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July 15, 2015

In Rocky Mountain region, increased crude production is being shipped by pipeline, rail

graph of Rocky Mountain region crude oil supply and disposition, as explained in the article text
Source: U.S. Energy Information Administration, based on data from the Surface Transportation Board and Petroleum Supply Monthly
Note: Data for 2015 are average of January through April values.

Rail and pipeline shipments of crude oil from the Rocky Mountain region (Petroleum Administration for Defense District 4) have steadily increased as regional crude oil production has increased. The recently released Petroleum Supply Monthly, which contains data for April 2015, shows that 122,000 barrels per day (b/d) of crude oil was moved by rail from PADD 4 to other regions of the country, representing 19% of total crude shipments from the region.

Although crude oil production in the Rocky Mountain region has continued to grow, increasing by 290,000 b/d between 2010 and 2014, PADD 4 refinery runs increased 41,000 b/d between 2010 and 2014, only 14% of the production increase. Because this region also is a net importer of crude oil (generally from pipelines that cross the Canadian border into Montana), PADD 4 has been a net shipper of crude oil since EIA began collecting PADD-level movement data in 1986. With the increase in regional crude oil production, pipeline shipments also increased and were the only outlet until the emergence of rail transportation options in recent years.

In addition to higher volumes of shipments, the number of destinations for the shipments of oil from PADD 4 has also increased. In 2010, just 359 b/d of crude oil from PADD 4 was shipped out of the region by rail, heading to the Gulf Coast region (PADD 3). Rail shipments of oil from PADD 4 have increased to 122,000 b/d in April 2015, and the latest monthly data show crude production from PADD 4 reaching all four other PADDs by rail.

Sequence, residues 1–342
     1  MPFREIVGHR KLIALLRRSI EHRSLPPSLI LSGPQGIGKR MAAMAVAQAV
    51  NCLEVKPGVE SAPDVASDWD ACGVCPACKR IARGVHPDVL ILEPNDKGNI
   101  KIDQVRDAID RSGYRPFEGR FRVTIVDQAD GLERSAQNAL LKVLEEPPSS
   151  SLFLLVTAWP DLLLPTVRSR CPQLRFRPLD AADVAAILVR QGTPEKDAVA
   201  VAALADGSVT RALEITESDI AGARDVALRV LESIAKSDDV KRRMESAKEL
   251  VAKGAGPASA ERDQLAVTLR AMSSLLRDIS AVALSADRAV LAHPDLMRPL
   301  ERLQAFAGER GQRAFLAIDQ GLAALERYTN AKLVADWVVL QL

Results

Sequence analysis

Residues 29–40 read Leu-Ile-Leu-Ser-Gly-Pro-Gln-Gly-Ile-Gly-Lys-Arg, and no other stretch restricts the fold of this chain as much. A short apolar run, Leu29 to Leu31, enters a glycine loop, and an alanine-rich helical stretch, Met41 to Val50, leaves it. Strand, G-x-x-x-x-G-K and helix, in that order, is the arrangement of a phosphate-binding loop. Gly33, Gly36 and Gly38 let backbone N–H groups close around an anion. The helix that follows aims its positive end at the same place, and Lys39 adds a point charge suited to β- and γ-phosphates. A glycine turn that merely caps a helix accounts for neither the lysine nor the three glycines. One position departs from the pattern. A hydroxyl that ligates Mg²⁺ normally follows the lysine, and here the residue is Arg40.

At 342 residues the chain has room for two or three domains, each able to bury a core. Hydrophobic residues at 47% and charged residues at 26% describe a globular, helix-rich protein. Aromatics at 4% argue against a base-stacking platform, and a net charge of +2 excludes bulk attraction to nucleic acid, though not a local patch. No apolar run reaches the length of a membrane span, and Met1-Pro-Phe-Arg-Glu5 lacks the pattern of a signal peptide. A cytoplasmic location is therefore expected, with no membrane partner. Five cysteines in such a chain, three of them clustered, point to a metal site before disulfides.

By contrast, pipelines move crude oil from the Rockies only to the Midwest and Gulf Coast (PADDs 2 and 3), and the volume of shipments has also steadily risen. Pipeline shipments from PADD 4 averaged 184,600 b/d in 2010 and increased to 264,400 b/d in 2014. Through the first four months of this year, pipeline shipments from PADD 4 averaged 429,000 b/d.

Several pipeline projects are in progress, designed to accommodate higher oil production by adding capacity between PADD 4 and Cushing, Oklahoma, a major pipeline and storage hub. SemGroup Corporation's White Cliff Pipeline will be expanded to a takeaway capacity of 215,000 b/d and is expected to be completed in late 2015. The Grand Mesa Pipeline, owned by NGL Energy Partners LP, is being expanded to a capacity of 200,000 b/d. It is expected to be completed in the fourth quarter of 2016. The Magellan Midstream's Saddlehorn Pipeline will have an initial takeaway capacity of 200,000 b/d, with expected completion in the second quarter of 2016. With the development of more pipelines in the region, future growth in rail shipments of crude oil produced in PADD 4 may be relatively limited.

Principal contributors: Najia Bilal, Arup Mallik